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Do you think INFPs have a tendency to be 'overly attached' or 'clingy'? Can you ever be too 'clingy', or does it depend on whether it's too much for your partner? Or indeed friend, family member, whatever. I've heard different opinions on whether INFPs tend to be this way, and of course it largely depends on the person. I think introverts like personal space, but love and idealism make us want to feel totally connected to another person, so I think an INFP can get really deep into love or that emotional attachment. I think ESFJ clinginess on the surface would be different, with more of a need for attention, that sort of thing. But gross generalisations, ESFJs can of course form deep bonds and INFPs can be 'shallow.'
 

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Well I suppose I cling when I am in one of those social situations where I don't really know anyone but my boyfriend (weddings in his family, events for his work, etc), but he does the same when we're on "my turf". Otherwise, not really. I'm certainly affectionate, but I also like to go off and do my own thing. Honestly, I'm usually the first to get restless and pull away.
 

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I think it also depends on which type of INFP you are (referring to pearslug's 3 types). I for one, am never clingy with anybody, except for maybe my INTP. My philosophy of 'if it bothers you, don't do it to others' makes clinginess a no-no for me. I personally can't stand clinginess from others, as it drains me completely (my ENFP friend can get very clingy at times, and it sometimes pushes me to the edge). With me, at least, clinginess happens only if I know for certain that the person I'm clinging to doesn't mind at all. I know my INTP doesn't mind one bit, and so I can indulge in selfish bouts of clinginess with him.

I think the reason I can become clingy is not because of a need for attention or constant affirmation of friendship... but more that I'm genuinely interested in being around the person... and sticking around them gives me the chance to sort of live 'through' them. I only get 'clingy' with people I genuinely admire or look up to in some sort of way. Their presence gives me energy and hope. It usually doesn't happen, however, since I need to know first that they don't mind my clinginess.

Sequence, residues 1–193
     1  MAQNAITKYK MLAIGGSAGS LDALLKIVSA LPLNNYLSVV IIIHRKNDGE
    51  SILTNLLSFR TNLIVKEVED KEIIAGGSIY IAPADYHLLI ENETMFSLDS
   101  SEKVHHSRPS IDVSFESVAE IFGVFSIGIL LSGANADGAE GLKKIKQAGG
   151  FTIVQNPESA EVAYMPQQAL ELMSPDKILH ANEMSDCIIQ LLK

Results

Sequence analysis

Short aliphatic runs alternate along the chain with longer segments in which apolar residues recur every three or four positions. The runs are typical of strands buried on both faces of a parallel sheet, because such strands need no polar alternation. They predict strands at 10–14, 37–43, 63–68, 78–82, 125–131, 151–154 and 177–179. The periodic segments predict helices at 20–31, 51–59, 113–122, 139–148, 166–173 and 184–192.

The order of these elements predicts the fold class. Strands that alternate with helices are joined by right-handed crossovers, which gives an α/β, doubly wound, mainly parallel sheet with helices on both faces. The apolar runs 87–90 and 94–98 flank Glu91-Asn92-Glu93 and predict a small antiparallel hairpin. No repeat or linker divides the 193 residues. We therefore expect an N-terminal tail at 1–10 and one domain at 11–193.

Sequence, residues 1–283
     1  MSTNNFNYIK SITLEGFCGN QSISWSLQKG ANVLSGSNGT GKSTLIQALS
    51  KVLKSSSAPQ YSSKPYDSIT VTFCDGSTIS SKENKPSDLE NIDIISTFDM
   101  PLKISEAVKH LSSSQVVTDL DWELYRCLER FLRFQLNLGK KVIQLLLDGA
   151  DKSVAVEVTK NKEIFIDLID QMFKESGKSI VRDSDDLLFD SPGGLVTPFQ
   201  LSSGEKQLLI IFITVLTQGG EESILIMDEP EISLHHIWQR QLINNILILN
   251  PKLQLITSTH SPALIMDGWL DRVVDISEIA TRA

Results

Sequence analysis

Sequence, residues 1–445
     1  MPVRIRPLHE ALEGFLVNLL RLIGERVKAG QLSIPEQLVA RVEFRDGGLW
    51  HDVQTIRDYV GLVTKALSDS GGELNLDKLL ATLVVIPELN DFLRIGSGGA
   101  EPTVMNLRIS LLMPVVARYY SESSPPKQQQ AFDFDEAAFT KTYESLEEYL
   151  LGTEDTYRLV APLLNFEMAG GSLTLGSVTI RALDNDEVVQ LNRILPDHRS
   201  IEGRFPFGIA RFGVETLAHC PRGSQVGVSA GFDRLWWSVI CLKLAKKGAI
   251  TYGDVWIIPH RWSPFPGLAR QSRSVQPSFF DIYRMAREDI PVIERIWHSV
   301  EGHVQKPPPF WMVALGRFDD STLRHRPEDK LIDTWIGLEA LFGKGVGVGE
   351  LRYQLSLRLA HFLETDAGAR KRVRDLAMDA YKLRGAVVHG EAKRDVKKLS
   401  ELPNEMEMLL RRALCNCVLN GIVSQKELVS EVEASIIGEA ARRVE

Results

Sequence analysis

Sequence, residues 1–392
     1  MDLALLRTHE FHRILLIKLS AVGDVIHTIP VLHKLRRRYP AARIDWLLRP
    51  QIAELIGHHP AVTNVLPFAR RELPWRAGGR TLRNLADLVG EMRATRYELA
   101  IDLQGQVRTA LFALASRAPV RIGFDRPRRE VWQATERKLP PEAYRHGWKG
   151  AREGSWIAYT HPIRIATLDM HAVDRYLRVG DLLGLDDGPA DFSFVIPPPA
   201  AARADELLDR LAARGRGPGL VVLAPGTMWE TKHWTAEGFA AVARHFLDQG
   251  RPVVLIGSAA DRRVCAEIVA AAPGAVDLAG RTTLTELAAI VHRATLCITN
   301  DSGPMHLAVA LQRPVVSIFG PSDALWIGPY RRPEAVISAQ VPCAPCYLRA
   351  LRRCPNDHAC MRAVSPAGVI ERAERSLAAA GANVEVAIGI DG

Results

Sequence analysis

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I'm clingy and not ashamed of it. I do try to give people space they desire and respect boundaries though.

I think introverts like personal space, but love and idealism make us want to feel totally connected to another person, so I think an INFP can get really deep into love or that emotional attachment.
When I like someone I want to become a part of them, as creep as that sounds. I actually enjoy observing an SO while they're doing something mundane (not creepily, with their knowledge of course) and just soaking in their essence more than I enjoy receiving attention and recognition from them (although I do like that too!). I seem to get selflessly enamored. Like a smitten poet scaling a courtyard wall to catch a glimpse.

I recently read a book called Escaping Emotional Entrapment in which the author Daniel Rutley points out that the "goodies" in romantic love come from loving not being loved. I had never thought of that but it's true. If someone we don't like loves us, it doesn't mean anything. There are lots of people on this earth that could love us but we reject them everyday. It's when we love someone that we grow from the experience.

No one is obligated to love us back but, no matter what happens, it's our job to make the best of the experience and put a positive spin on things. I think that's mature and wise love.
 

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Not sure how to describe it, but I think I've been clingy to others strictly within the confines of my mind. In other words, I've never verbally or visually let someone see just how invested I feel in them. I get clingy to the idea of them. In turn, to the people whom exhibited clingly behavior towards me, it often scares me away to the point I intentionally stopped answering their texts, calls, chat messages, etc. I made myself completely vanish from their lives without a single explanation, and I do feel horrible for that.

Experiencing clingy people tends to make me feel:
A) Somewhat flattered
B) Scared that perhaps I've fed them some kind false idea of me and how I wouldn't know how long I could keep it up.